Kasparick: These days, we talk to a range of solution providers. Rittal and Eplan are key partners for us, because they are really driving forward solutions for control panel building. That applies to the software side of things, but also to control panel products as well as to automation solutions and machines. That is why they are preferred suppliers and innovation partners for us. We pick up on ideas that they are developing to market readiness. We learn from each other, complement each other and talk to each other.
Löffler: Naturally, we’re also in close and regular discussion with our customers in the mechanical and plant engineering sectors. We both contribute to, and take inspiration from, this mutually beneficial collaboration.
Turning to the near future now, can we ask what kind of projects are underway? What do you think you and your partners should be working on?
Kasparick: The skills shortage is only too real, and we’re really feeling it. Besides promoting electrical engineering early on in local schools and through educational collaborations, we also need robust automation solutions so we can further optimise internal processes. One example of that would be automated wiring for very flexible wires.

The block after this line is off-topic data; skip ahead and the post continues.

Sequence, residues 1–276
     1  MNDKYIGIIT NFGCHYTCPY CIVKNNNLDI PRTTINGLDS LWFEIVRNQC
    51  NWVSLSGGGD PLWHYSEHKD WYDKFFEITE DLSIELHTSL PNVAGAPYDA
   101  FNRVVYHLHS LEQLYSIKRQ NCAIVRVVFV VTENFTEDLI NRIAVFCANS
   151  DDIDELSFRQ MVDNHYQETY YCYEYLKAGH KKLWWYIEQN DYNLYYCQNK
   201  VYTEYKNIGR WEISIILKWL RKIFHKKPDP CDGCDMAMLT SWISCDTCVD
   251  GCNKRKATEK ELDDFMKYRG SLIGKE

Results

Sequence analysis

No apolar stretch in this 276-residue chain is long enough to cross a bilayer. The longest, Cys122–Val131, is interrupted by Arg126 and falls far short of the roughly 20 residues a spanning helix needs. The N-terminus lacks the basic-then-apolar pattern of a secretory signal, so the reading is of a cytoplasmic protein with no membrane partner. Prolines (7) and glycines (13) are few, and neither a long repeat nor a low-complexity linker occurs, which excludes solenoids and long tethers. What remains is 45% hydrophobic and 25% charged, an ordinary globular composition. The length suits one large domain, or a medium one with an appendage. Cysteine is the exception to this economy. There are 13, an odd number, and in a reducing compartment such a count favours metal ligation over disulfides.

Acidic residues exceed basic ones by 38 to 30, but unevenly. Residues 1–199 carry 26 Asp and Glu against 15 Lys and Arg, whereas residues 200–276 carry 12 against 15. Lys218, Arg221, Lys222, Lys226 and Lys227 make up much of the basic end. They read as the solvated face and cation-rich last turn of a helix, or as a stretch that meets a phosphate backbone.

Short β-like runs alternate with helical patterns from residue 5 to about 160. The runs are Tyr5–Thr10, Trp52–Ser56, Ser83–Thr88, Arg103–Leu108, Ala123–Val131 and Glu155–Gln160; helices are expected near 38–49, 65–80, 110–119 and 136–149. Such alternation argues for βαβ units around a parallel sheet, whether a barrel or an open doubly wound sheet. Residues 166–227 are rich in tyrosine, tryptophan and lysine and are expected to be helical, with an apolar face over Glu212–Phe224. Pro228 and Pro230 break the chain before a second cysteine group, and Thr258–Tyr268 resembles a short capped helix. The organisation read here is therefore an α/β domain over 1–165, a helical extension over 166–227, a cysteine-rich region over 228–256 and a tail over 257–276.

Löffler: On a data level, that means the digital twin must be independent of whichever system has been used to create or process it. We need to standardise data exchange so that every engineering tool can play its part in creating data efficiently while ensuring that all the different factories in their widely varying configurations can still utilise the data that is accumulated.
Kasparick: One key factor is that climate-neutral energy management and low-carbon mobility are opening up whole new groups of customers. Energy needs to be distributed and sensors and actuators need to be connected across all these areas, and the best place to do that is in one central location – the control panel. The only way we can leverage this potential over the next few years is by pursuing efficient cross-company cooperation. It’s all about collectively standardising everything and developing digital information-sharing. This is where we want – and need – to do some convincing, both independently as the WKC, but also from within ZVEI, other organisations and with our more than 200 active customers.
Many thanks for talking to us!